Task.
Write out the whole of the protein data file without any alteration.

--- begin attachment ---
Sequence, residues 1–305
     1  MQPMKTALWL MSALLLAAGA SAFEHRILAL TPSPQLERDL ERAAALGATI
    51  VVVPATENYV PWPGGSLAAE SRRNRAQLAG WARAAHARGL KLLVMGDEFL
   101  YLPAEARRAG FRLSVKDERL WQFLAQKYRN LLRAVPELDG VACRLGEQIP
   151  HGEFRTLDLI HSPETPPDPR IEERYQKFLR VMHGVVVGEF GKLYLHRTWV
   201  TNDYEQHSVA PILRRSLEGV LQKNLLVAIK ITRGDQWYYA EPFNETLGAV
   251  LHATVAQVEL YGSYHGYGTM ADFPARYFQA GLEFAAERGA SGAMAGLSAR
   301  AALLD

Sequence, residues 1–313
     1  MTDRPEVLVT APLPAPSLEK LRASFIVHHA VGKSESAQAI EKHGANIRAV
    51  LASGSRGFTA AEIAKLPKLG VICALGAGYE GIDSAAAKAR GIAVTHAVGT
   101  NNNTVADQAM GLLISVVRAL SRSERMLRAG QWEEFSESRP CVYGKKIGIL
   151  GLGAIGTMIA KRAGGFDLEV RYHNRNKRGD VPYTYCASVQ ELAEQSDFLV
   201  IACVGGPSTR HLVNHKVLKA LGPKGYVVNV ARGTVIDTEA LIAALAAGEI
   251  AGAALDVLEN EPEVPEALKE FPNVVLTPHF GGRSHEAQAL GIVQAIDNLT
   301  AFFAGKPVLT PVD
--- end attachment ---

Sequence, residues 1–305
     1  MQPMKTALWL MSALLLAAGA SAFEHRILAL TPSPQLERDL ERAAALGATI
    51  VVVPATENYV PWPGGSLAAE SRRNRAQLAG WARAAHARGL KLLVMGDEFL
   101  YLPAEARRAG FRLSVKDERL WQFLAQKYRN LLRAVPELDG VACRLGEQIP
   151  HGEFRTLDLI HSPETPPDPR IEERYQKFLR VMHGVVVGEF GKLYLHRTWV
   201  TNDYEQHSVA PILRRSLEGV LQKNLLVAIK ITRGDQWYYA EPFNETLGAV
   251  LHATVAQVEL YGSYHGYGTM ADFPARYFQA GLEFAAERGA SGAMAGLSAR
   301  AALLD

Sequence, residues 1–313
     1  MTDRPEVLVT APLPAPSLEK LRASFIVHHA VGKSESAQAI EKHGANIRAV
    51  LASGSRGFTA AEIAKLPKLG VICALGAGYE GIDSAAAKAR GIAVTHAVGT
   101  NNNTVADQAM GLLISVVRAL SRSERMLRAG QWEEFSESRP CVYGKKIGIL
   151  GLGAIGTMIA KRAGGFDLEV RYHNRNKRGD VPYTYCASVQ ELAEQSDFLV
   201  IACVGGPSTR HLVNHKVLKA LGPKGYVVNV ARGTVIDTEA LIAALAAGEI
   251  AGAALDVLEN EPEVPEALKE FPNVVLTPHF GGRSHEAQAL GIVQAIDNLT
   301  AFFAGKPVLT PVD